The Taming of Guilt

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I’m sitting here in the hospital surgical waiting area, and I thought, maybe today is the day I start writing in my blog again. I had taken over a year off. The last time I wrote, my mother was hospitalized with a grim prognosis and my father-in-law died unexpectedly four days later. For the next year and a half I turned deeply inward, not writing, not really getting on social media, not reaching out to friends. I began to feel as though I was losing my friends, and yet I didn’t know how to explain to others that I just didn’t have energy…no energy to clean the house in order to have people over, no energy to be a good conversationalist…no energy to be ‘normal.’

While it was a quiet year, it was also an intensely productive one: we changed schools for our son, moved to a new town, moved my mother (who’d since stabilized miraculously) in with us for at least part of the year. I also started acupuncture treatments, meditation, and exercise, and I no longer wake up in the mornings with my heart racing in fear of what may or may not come. I am present for Fred, I am remembering to be a thankful wife, I am making efforts to reach out to the amazing women in my life. I am, finally and slowly, learning to be compassionate toward myself.

I’m in the hospital right now because my mother’s in surgery – not a life threatening one, but a serious one in which the best outcome will still affect her quality of life. We experienced an unexpected turn yesterday and I had spent a good part of the day fighting a guilt so strong that I decided I couldn’t allow it to win.

I am realizing that the guilt of ‘what-if’ is inevitable when a loved one suffers a calamity. What if I had questioned the doctors earlier? What if I had been more aggressive about pushing her appointments up sooner? Maybe I could have prevented things from getting to this stage. I suppose that the guilt is especially strong because I’m a daughter, and because I’m the first born and the one who always took ownership of my immigrant parents’ issues. Somehow I believed that I had the power to change the course of things, and I had failed. Worst of all is the knowledge that I had not done everything in my power…if this had been my child, I would have fought harder.

The new compassion comes in my understanding that the guilt is pointless. I’m getting better at asking this: what value does this thought, does this word add? The guilt really adds nothing, except the satisfaction that I am punishing myself. This must come from childhood, from having been taught to feel shame for having done something bad or being something bad. “There, I have beaten myself up” – there is satisfaction in that, like a metaphorical spanking or self-imposed time-out or an actual beating. There is satisfaction, but there is no good in it.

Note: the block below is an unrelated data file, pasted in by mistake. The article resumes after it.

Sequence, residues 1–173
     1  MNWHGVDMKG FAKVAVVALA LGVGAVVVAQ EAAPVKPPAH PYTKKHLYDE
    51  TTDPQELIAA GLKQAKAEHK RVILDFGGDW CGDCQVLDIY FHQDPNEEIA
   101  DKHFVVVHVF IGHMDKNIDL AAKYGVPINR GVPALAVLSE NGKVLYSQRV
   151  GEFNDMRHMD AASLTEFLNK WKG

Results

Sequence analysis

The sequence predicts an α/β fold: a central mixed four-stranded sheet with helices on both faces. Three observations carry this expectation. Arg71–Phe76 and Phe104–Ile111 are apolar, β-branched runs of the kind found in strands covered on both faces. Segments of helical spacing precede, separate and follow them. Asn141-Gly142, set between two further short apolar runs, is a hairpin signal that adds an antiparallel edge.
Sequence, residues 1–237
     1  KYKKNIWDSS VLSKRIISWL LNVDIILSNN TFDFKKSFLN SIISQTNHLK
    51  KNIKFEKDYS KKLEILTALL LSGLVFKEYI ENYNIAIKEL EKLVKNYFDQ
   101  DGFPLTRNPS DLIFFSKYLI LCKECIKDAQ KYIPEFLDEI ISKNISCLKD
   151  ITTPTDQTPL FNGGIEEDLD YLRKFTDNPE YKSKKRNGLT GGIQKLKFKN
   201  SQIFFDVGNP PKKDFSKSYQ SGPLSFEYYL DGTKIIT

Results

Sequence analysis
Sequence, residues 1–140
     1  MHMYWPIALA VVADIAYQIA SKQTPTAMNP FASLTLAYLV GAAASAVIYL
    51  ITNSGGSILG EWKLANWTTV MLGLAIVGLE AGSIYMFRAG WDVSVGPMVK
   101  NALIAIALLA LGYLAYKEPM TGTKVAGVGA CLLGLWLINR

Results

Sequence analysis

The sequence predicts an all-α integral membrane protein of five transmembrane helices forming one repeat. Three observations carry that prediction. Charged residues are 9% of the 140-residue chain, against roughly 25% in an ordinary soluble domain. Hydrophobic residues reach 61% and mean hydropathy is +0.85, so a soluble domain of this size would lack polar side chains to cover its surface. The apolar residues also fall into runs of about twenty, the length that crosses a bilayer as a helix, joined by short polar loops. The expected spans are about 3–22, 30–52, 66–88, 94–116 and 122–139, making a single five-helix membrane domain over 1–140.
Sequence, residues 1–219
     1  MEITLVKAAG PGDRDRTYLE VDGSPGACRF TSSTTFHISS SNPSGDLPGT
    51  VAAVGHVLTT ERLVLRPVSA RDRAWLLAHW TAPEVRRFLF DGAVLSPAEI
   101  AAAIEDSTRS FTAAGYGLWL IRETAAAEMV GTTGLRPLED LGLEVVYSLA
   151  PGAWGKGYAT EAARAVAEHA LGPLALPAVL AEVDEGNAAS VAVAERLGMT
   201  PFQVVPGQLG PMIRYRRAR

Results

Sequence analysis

And to be a functioning daughter, mother, and wife I need to preserve whatever good I feel about myself. I am realizing that.

I started having this imaginary conversation with myself yesterday, while thinking about my guilt. In this conversation, I am the one getting the operation, and my little Fred is the one feeling guilty, for not having done enough. This is how it goes:

Fred:   (Crying)

Me:     What’s wrong? Why are you crying?

Fred:   I should have done more. I should have tried to get your surgery moved up. Then it wouldn’t have gotten to this point.

Me:     But you did move up the appointment once, and the doctor is booked! People come from out of state to see her, everyone needs her, everyone has probably waited months for her.

Fred: I just feel that if I had done more this wouldn’t have happened. I feel like I am responsible.

Me:   Fred, the ONE thing I do NOT want you to feel, even for a second, is guilt! How can you be responsible for what happens to my body, for what happens to me? Do you know how full my heart is, knowing how much you HAVE done for me? Can I ask you to instead think about everything you have done for me, instead of all the things you were powerless to have made happen?

Something like that. And it is amazing how things turn around once you treat yourself the way you would treat your child. The love is instantly palpable, even when it is coming from yourself. And you start seeing yourself the way others might be seeing you, as the good and decent woman that you are. That I am.

 

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